Lawn Chair Lady

May 4, 2009
By shanaynay BRONZE, Pittsburgh, Pennsylvania
shanaynay BRONZE, Pittsburgh, Pennsylvania
3 articles 0 photos 0 comments

Mother, why does that lady sit sit sit, on the side of the road, like a puppy at the pound waiting to be chosen and taken home? She is too busy belting along to the blaring radio to hear my question but she’d only ignore me anyway ‘cause I’m “too young to understand.” I’m offended because today belongs to my ninth birthday and that means only one more year ‘till double digits.
Secretly, I think there is something broken in Lawn Chair Lady’s head, but I can’t tell mother cause she’ll get angry and make me write, “If you don’t have anything nice to say, don’t say anything at all,” seven gazillion times until my wrist aches and my eyes grow dizzy. But why else would a lady like her want to sit sit sit all day long? She appears when I leave for school in the early morning, when the grass is wet with sticky dew, and is still there when I return home, as if she’s guarding something. Lady stares at the boring people and cars zooming past from her sun-bleached-orange lawn chair which looks so ancient, as though she might fall through the cracks of the woven mesh that feels like sandpaper, at any given moment.
Nobody’s making her do it either. I suppose it must get lonesome, sitting there all by herself. It makes me sad ‘cause I guess the inside of Lady’s house must be more lonely than the side of that road.
She lives all by herself, except once or twice a day, I see shiny people in crisp, clean uniforms that smell like the hospital come and to take care of her. I think that’s what they do. They must do a good job too, ‘cause she always looks so happy.
We cheerfully wave while cruising past and mother shouts, “Hey Girlfriend!” ‘cause she thinks saying that makes her sound young again. Only, I don’t know why she does it ‘cause we don’t even know Lady. I bet mother’s never said one word to her, but it doesn’t matter ‘cause Lady can’t hear through the windshield anyway. She just looks up with her wide, glassy eyes and waves back with a smile like she won the lottery.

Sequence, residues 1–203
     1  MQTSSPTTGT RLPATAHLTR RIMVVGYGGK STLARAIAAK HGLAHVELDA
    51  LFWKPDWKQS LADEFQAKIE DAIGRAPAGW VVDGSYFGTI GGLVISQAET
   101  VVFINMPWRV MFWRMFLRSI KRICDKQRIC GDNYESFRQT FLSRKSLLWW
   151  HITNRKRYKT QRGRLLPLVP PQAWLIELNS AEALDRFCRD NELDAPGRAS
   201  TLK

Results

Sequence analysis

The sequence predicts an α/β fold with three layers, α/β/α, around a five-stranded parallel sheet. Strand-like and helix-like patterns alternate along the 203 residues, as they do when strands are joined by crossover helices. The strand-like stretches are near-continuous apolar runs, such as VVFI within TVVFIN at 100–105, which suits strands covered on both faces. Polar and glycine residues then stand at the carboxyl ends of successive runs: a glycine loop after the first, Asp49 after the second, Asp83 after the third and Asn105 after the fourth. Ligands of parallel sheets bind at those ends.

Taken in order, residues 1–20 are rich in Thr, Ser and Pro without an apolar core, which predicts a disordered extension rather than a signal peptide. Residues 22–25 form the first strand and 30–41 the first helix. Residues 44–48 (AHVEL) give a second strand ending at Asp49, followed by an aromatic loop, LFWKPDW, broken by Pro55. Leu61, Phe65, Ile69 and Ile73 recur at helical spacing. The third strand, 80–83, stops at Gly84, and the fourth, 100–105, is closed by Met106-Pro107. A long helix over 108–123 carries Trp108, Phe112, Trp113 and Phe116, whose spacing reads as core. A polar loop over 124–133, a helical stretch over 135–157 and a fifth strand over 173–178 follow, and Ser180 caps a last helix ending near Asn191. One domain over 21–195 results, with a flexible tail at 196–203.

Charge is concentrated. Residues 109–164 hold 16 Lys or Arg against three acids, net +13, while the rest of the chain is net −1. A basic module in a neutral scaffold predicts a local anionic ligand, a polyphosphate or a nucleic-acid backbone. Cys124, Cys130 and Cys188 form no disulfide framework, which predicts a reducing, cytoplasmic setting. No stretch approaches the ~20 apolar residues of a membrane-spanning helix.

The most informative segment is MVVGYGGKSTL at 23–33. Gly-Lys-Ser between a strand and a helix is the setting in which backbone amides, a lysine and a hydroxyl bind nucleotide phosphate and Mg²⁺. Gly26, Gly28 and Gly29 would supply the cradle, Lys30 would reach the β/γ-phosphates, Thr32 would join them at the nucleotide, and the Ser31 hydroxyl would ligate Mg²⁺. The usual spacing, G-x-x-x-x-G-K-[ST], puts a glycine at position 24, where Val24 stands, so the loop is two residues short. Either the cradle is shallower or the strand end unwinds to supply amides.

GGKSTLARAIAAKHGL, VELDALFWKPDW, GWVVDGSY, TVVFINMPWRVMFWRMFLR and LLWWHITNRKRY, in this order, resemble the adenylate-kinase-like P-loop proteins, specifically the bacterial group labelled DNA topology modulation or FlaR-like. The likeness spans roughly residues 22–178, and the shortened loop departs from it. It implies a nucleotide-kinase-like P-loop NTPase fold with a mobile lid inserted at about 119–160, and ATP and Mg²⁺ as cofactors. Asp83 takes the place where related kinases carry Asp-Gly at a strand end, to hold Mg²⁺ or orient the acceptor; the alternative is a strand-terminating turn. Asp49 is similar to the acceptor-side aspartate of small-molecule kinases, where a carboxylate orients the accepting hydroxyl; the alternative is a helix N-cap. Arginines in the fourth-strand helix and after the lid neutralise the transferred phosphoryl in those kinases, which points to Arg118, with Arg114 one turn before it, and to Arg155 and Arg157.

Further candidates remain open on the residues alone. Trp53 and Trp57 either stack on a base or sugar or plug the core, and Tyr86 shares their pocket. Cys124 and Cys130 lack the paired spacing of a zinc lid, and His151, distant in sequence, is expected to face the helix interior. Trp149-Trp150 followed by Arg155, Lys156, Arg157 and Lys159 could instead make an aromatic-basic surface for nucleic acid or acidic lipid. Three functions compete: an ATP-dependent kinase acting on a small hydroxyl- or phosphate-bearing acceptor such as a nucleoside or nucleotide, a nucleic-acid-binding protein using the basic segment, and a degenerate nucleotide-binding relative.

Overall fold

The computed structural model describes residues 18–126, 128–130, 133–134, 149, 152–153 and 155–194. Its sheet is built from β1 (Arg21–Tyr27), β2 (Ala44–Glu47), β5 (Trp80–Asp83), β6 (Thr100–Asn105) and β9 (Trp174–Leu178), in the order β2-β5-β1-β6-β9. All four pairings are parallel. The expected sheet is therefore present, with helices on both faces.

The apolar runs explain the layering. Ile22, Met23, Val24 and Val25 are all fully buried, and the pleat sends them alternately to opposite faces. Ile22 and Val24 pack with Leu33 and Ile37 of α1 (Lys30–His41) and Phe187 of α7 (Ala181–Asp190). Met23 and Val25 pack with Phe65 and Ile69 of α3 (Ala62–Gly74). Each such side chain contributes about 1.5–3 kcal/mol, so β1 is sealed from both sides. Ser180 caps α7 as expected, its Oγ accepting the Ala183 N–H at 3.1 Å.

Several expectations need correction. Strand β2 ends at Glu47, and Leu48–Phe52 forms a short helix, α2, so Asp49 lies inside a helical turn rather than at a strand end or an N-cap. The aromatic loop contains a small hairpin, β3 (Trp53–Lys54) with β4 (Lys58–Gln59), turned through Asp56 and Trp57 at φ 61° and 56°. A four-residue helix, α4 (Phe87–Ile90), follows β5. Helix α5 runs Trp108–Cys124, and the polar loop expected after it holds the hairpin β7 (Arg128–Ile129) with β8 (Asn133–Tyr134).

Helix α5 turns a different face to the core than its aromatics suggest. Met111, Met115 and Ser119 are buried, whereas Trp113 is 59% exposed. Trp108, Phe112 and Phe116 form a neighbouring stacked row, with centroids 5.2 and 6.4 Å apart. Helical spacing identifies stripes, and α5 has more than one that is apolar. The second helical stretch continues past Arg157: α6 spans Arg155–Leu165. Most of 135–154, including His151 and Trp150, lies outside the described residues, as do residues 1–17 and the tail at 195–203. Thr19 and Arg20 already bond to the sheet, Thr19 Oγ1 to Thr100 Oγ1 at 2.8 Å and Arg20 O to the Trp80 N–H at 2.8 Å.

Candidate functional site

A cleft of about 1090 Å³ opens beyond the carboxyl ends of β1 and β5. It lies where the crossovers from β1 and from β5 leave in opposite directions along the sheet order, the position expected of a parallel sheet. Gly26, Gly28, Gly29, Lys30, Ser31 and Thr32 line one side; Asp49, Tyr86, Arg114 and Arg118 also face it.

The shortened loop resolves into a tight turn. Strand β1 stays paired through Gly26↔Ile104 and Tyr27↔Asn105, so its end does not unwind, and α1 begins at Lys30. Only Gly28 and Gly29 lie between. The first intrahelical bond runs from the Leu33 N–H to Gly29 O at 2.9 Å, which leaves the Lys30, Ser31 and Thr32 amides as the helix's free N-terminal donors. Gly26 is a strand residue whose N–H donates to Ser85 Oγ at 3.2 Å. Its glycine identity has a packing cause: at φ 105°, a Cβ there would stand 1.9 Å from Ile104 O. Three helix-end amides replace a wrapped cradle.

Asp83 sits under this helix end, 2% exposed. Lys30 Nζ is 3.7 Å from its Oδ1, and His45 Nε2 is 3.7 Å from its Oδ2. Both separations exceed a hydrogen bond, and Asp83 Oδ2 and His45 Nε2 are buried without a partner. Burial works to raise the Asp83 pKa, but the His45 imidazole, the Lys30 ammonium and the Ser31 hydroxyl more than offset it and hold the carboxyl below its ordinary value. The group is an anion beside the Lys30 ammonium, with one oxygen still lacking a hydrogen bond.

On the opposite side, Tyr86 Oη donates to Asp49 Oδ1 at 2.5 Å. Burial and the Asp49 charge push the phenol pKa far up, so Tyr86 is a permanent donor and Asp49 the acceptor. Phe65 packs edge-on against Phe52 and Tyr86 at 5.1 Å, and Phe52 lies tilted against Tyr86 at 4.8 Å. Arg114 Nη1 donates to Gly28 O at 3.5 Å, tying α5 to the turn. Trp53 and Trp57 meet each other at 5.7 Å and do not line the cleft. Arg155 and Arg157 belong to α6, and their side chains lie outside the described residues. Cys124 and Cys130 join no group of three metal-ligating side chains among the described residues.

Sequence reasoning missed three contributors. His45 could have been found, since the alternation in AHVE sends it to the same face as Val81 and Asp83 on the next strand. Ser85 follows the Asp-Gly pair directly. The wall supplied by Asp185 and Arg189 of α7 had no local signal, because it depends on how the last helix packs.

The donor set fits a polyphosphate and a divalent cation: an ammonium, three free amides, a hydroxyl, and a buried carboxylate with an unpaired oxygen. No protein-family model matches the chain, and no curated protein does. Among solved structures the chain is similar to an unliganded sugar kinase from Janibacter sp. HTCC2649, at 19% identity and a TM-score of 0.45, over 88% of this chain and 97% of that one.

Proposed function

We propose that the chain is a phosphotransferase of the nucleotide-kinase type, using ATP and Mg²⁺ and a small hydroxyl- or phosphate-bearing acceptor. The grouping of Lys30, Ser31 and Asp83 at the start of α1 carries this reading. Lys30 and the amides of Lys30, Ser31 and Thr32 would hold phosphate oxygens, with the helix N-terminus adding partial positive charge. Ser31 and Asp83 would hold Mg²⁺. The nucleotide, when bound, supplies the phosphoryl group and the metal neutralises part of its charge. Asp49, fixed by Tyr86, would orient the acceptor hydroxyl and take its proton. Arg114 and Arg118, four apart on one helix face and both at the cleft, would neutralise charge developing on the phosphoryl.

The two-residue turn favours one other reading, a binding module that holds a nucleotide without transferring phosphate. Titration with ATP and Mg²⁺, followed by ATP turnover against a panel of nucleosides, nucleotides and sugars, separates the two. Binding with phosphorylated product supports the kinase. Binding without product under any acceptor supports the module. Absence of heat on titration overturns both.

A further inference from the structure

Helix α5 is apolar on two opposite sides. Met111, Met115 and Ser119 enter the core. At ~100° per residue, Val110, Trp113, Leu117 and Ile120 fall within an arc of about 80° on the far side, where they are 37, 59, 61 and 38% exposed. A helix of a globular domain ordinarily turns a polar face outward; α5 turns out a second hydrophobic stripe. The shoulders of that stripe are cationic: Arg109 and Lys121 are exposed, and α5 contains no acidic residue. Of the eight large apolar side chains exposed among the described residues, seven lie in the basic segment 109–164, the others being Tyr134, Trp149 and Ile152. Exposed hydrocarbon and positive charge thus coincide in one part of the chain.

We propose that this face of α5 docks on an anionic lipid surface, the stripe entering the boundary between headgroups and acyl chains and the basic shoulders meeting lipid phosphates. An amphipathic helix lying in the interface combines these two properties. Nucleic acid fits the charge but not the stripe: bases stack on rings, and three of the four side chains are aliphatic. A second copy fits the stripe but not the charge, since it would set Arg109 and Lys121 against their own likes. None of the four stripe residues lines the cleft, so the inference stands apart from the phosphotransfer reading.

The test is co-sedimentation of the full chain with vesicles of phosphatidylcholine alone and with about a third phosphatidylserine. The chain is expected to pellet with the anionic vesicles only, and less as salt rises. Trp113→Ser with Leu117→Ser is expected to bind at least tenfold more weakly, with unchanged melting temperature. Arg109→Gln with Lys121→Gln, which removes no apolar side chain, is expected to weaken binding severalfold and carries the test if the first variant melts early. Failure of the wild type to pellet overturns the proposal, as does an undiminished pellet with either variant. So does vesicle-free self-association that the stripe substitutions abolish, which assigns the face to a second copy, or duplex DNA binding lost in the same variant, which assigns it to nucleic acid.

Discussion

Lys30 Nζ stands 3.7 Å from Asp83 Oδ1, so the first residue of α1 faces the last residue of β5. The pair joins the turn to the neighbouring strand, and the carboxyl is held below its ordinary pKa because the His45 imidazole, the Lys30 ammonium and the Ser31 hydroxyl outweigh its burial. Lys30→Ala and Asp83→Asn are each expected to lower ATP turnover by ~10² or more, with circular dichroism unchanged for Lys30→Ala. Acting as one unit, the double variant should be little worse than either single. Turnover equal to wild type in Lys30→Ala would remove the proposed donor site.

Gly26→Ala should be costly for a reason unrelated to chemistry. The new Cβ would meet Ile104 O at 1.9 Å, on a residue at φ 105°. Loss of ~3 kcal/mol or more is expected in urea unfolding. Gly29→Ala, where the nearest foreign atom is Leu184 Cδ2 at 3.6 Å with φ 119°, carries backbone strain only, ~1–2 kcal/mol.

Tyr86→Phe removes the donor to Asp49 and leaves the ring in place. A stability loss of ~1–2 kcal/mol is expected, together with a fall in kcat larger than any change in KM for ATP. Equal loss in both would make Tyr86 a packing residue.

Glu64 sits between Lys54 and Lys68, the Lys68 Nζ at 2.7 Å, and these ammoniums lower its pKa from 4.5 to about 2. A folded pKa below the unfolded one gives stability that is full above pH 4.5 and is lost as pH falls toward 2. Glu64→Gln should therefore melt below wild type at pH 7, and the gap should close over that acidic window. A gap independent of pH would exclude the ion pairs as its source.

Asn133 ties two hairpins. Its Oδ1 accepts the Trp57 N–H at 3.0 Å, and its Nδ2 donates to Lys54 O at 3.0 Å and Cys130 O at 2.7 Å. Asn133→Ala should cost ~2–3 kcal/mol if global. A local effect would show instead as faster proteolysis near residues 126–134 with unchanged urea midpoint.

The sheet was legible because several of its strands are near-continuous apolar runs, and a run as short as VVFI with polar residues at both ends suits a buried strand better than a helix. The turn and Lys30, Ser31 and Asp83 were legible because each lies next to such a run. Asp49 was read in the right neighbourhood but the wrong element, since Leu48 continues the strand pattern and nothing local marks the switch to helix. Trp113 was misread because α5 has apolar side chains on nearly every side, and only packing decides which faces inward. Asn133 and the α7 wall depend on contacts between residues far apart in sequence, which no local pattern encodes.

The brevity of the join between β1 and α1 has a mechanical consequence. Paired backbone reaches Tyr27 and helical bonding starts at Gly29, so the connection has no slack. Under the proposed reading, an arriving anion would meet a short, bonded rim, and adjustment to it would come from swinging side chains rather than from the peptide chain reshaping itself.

Her long ponytail, dyed as red as the stop sign that keeps her company, except the very top which is silvery gray, blows with freedom in the breeze. So plump is her body, that it resembles a lump of sour dough bread baking and rising in the blistering heat of noon. On sizzling summer days her floury skin turns all freckled and sore ‘cause Lady doesn’t know to go inside when it gets too hot, I guess.
Someday, when mother’s out at the store buying paper bags full with groceries, I’m going to walk all the way down Elaine Street and around the bend to where Lawn Chair Lady parks herself because I want to ask her why she sits. What is she guarding? Who is she waiting for? Why are they so late?
I bet she’s got some exciting stories to tell, for someone so content on sitting in one place all the time must have had quite a thrilling life already. Even otherwise, I’ll be glad to keep her company, ‘cause I am a pretty lonely girl myself, and I don’t have any thrilling stories either.

The author's comments:
Written in 2007 for my composition class, this vingette was inspired by Sandra Cisneros's The House on Mango Street.

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This article has 1 comment.

on May. 23 2009 at 3:55 pm
biggerinfinities SILVER, Superior, Colorado
7 articles 0 photos 356 comments

Favorite Quote:
“We accept the love we think we deserve.”
― Stephen Chbosky, The Perks of Being a Wallflower

This story is so moving, i absolutaly adored it. I would love it if you continued it and such. oh and if you possibly have the time, would you go to my written work? its called Good-night in the RAW poetry!!! :)


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